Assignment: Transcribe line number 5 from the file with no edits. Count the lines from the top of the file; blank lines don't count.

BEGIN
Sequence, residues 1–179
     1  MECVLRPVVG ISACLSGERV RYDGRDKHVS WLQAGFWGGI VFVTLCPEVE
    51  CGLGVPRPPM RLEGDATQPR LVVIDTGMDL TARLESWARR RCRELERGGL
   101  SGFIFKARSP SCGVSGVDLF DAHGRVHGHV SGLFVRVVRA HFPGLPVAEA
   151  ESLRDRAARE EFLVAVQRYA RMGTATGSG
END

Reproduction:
   151  ESLRDRAARE EFLVAVQRYA RMGTATGSG